In addition to Shi, New York Times researcher Zhao Yan has been held on allegations of disclosing state secrets since last September, shortly after the Times reported that Hu's predecessor, Jiang Zemin, had offered to resign his last significant post as head of the military.

In April, the chief China correspondent for the Straits Times newspaper of Singapore, Hong Kong resident Ching Cheong, was detained while traveling to the mainland and has since been arrested on charges of spying for Taiwan.

Also last spring, a prominent sociologist at the Chinese Academy of Social Sciences, Lu Jianhua, and another official of the academy were detained in apparent connection with Ching. Ching's wife wrote an open letter in June to Hu Jintao saying that Lu had supplied Ching with internal party speeches, including Hu's, as part of what she called a cooperative relationship aimed at furthering China's national interests.

These high-profile arrests have come at a time when Chinese journalists, academics and lawyers are facing more pressure to toe the party line. Publications with a history of daring reporting have been producing fewer exposes, a development that troubles Human Rights in China's Becquelin.

"When you know that journalists are really the agents of reform in China, at least the sort of liberal-minded ones, and you see this crackdown, then you understand glaciation is coming," Becquelin said. "The press is really the barometer of the climate, of the political climate. It's always the first thing to go."

China does not seem to have had to pay a price in international affairs for its crackdown at home. Other issues have taken the spotlight, notably the North Korean nuclear program that is the subject of six-nation talks in Beijing.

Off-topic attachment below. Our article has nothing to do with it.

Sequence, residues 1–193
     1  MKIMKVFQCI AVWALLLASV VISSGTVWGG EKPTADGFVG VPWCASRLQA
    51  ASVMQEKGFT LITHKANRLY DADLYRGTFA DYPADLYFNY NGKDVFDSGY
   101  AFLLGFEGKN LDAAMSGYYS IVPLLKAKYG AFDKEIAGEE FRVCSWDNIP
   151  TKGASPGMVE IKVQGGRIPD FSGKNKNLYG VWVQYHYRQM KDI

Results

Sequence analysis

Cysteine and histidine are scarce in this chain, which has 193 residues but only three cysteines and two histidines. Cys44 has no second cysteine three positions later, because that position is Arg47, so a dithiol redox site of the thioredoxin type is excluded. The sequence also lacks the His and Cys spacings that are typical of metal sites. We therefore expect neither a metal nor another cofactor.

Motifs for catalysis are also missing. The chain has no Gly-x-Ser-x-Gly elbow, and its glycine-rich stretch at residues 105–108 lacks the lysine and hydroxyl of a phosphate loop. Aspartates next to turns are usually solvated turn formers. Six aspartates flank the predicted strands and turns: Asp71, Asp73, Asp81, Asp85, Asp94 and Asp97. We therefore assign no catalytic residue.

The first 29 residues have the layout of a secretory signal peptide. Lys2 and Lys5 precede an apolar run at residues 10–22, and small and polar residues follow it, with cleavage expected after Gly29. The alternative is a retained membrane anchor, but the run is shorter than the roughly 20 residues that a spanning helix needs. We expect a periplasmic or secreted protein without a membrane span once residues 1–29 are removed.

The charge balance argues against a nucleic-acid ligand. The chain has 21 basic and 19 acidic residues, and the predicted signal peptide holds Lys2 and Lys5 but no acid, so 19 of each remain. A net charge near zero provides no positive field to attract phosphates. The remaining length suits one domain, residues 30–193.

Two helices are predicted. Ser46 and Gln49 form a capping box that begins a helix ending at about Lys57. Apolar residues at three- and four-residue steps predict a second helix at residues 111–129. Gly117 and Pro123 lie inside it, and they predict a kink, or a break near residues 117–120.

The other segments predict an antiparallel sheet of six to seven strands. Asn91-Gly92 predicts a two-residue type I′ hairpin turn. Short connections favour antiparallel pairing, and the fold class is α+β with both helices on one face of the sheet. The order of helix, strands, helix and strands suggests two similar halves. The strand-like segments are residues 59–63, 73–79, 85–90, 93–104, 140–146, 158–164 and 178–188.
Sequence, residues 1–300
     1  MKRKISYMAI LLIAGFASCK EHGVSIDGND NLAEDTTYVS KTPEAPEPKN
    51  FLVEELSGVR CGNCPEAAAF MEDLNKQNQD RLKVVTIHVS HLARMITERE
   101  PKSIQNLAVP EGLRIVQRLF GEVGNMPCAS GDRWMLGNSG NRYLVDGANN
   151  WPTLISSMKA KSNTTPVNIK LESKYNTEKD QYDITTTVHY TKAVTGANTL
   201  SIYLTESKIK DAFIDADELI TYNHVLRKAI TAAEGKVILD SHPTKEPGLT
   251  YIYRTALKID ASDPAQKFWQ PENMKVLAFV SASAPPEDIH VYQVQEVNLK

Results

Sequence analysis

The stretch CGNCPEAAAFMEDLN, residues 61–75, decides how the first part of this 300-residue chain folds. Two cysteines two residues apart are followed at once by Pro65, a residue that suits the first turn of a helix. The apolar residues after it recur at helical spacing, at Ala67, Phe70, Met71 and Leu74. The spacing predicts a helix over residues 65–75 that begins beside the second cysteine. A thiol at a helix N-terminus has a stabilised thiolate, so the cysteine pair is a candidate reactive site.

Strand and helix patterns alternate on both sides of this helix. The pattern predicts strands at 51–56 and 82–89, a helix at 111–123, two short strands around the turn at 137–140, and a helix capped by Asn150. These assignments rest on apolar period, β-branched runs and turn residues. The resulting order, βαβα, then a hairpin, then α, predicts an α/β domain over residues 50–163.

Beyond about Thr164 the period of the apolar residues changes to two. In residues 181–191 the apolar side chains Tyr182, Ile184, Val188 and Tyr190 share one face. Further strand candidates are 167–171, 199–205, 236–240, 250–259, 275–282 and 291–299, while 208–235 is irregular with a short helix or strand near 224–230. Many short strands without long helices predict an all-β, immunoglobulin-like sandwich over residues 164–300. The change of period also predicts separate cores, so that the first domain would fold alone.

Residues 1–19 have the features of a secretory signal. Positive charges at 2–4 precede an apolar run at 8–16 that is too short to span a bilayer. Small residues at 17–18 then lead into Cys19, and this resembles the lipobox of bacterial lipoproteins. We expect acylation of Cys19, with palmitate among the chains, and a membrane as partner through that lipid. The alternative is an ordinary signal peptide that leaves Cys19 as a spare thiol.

China has also deftly timed the releases of high-profile political prisoners for reprieves from criticism on human rights from the U.S., Europe and the U.N., including the release in March of Rebiya Kadeer, a Uighur businesswoman from northwest China's Xinjiang Uighur Autonomous Region. She had been imprisoned for more than five years, in part, for trying to mail out of the country some Chinese newspapers, which authorities deemed state secrets.

Kadeer's release won headlines, but since then, police have repeatedly harassed and intimidated her family and associates in Xinjiang, where the government has used the global war on terror to tighten its grip on Muslims in the region, activists said.

Hu's apparent hard-line approach is a disappointment to those in China and overseas who had hoped that he would launch reforms when he assumed leadership, though his background as a cautious party loyalist never suggested that he would.

After his beginnings in the Communist Youth League, Hu rose through the ranks without attaching himself to the reformist wing of the party in the 1980s, and perhaps distinguished himself most with a crackdown on unrest in Tibet in 1989. He then studiously avoided any hint of controversy during a long apprenticeship in the Politburo after being anointed for succession more than a decade ago by the late Deng Xiaoping.

Hu is a creature of a party that has avoided risk since Tiananmen and especially since the dissolution of the Soviet Union, an event that for party leaders confirmed the necessity of taking a hard line.

After Hu took power, he and Premier Wen Jiabao presented themselves as populists who cared about the common people.

Some China watchers had felt that Hu's response to the 2003 SARS crisis - ending the government's cover-up of the virus' spread and allowing widespread media coverage - might be an indication of reformist instincts. Hu may have inspired more hope with the addition of human rights and property rights clauses to the national constitution early last year.

But many of Hu's seemingly progressive steps can also be viewed as "classic benevolent authoritarian stuff," said M. Scot Tanner, a senior political scientist and China expert at Rand Corp. There is no evidence Hu will introduce real reforms, Tanner said, which should show the U.S. that simply engaging with China economically will not produce change.